Watch what you spend. Do you really need to buy more fabric/ribbons/beads/paint/etc? Or do you just want to? Think about your purchases, think about what you already have at home, and consider if this is something you actually need - eliminating unnecessary spending reduces consumption from big box stores, which reduces the energy, fuel and packaging that is used to stock stores. Eliminating unnecessary spending also lowers your overhead costs, again saving you money, and you don't have an excess of supplies just sitting around, which means less clutter, which means less stress. Instead, shop smart for projects that you have in mind, or buy only things that inspire you that you will use in a timely manner. If you can't think of an immediate use for it, don't buy it.

Give it the birds. This is probably only effective if you sew or do fiber arts, but you can take your
scraps of fiber, yarn, fabric, thread scraps, hemp or string and fill a hanging basket or potato sack in your yard for birds to gather nesting materials. You can do this year round, and also add dryer lint. They use it to insulate their nests.

Make your own.  Make your own business cards, thank you cards, coupon cards, and other promotional materials. Double points if you reuse paper materials to make them. To make your own promo items, get blank card stock or reuse paper board from your recycling bin, paper cutter, a personalized stamp with your business info (love these custom stamps by AngeliqueInk) and some good jams to zone out to while you work. The paperboard inserts in fat quarters are excellent to use as little thank you postcards! Use a thank you stamp to make a statement then hand write a note of gratitude - or a special coupon code for their next order!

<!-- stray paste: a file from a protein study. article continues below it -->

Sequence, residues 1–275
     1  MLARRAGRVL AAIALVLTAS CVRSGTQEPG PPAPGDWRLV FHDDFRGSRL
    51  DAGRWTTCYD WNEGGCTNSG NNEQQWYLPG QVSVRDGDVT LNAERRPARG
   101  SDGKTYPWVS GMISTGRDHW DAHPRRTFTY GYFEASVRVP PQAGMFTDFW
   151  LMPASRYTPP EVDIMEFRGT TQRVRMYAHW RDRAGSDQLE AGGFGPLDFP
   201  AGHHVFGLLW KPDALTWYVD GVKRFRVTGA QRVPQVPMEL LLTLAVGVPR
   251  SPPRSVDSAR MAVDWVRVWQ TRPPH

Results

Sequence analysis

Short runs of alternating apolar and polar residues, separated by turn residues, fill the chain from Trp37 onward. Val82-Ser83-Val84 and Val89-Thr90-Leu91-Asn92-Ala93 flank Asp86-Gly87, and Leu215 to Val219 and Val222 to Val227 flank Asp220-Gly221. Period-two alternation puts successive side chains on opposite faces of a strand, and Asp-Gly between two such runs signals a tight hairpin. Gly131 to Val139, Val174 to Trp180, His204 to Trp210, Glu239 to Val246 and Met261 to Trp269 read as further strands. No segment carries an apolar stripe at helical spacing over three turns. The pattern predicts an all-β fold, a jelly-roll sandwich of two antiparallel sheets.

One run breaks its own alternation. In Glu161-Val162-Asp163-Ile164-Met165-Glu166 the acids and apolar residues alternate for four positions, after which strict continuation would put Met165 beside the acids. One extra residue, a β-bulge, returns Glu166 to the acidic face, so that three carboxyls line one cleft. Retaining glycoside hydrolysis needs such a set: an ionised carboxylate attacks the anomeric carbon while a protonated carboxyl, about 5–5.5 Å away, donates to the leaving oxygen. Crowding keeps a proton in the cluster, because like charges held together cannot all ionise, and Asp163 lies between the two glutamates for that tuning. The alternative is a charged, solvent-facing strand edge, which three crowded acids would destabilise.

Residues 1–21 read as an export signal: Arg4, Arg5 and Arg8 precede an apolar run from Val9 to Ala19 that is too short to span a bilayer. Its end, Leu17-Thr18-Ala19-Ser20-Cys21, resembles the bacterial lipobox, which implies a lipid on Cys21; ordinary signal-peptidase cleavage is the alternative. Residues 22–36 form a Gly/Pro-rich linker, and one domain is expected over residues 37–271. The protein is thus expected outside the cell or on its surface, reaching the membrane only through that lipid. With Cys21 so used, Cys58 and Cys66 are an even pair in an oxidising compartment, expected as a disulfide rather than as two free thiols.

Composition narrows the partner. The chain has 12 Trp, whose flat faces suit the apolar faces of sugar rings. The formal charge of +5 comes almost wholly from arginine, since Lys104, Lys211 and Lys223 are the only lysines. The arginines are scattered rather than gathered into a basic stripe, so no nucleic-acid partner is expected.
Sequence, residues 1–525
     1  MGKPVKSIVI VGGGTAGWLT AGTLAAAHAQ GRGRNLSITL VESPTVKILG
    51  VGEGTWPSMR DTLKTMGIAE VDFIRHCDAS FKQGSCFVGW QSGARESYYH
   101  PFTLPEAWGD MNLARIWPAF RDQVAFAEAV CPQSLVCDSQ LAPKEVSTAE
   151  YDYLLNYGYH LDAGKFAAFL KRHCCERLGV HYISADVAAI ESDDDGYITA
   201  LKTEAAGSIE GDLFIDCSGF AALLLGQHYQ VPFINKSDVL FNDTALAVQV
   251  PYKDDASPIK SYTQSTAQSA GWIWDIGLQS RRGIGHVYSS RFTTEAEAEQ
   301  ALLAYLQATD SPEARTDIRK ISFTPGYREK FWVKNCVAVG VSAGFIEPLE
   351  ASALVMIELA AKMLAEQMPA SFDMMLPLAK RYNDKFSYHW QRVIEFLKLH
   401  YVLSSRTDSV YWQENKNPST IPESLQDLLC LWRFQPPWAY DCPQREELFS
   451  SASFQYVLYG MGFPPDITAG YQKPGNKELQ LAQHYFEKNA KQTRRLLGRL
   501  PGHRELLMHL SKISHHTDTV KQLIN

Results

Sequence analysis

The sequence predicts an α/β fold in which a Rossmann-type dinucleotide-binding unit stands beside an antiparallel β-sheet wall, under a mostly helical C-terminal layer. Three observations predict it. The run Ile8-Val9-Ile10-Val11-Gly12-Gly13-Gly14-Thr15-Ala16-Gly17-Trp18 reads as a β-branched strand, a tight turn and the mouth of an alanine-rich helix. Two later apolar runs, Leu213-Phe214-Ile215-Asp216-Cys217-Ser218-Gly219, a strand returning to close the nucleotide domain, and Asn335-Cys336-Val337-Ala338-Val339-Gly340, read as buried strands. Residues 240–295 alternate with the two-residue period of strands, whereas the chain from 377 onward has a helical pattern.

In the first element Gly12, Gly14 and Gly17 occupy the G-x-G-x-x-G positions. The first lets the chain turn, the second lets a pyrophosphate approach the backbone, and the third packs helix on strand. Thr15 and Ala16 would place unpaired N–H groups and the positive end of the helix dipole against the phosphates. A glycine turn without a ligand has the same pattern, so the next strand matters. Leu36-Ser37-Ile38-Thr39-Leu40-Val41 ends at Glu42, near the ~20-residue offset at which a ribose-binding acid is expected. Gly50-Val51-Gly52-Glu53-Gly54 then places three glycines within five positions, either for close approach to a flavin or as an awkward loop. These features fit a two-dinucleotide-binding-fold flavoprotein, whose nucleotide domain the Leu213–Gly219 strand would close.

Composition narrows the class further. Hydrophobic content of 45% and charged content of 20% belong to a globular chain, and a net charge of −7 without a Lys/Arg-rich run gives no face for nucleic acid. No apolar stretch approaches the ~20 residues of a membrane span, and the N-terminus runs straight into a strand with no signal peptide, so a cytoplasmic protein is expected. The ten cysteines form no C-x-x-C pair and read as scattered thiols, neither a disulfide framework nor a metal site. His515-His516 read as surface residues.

Paper, plastic, or fabric? If you frequent craft shows, consider investing in or making some fabric shopping bags to offer as an option to purchase, to give as free gifts, or use as a buying incentive - free reusable bag with every $15 purchase? This makes you appeal to environmentally aware consumers, and reduces paper/plastic consumption by offering a long lasting alternative to using paper/plastic bags. Also, if you sew, you can make yourself some pretty rad reusable bags to use in all these thrift stores you will be frequenting, and when people ask where you got such an awesome tote, whip out a business card. ;) Here is a tutorial to turn tee shirts into tote bags. Hit up the $0.25 sales at Goodwill and grab a bunch of shirts and turn them into totes!


Supplement.  If you often use polyfil to stuff pillows, creatures, or other things, fluff that stuff up. Instead of tossing your fabric scraps, dice it up and blend it into the polyfil! It beefs up the stuffing and reduces landfill waste!

I hope that you found some of these tips useful, and if you have any other ideas or tips, or if you just liked what you read, feel free to leave me a comment here! :)

2 comments:

  1. Loved this post... so many great ideas! I especially was drawn to your tip about buying in person as it increases your chances of meeting new folks to network with. I've noticed the same thing recently; the more I'm 'out there', the more my stats, sales, and business improves. Awesome tip!!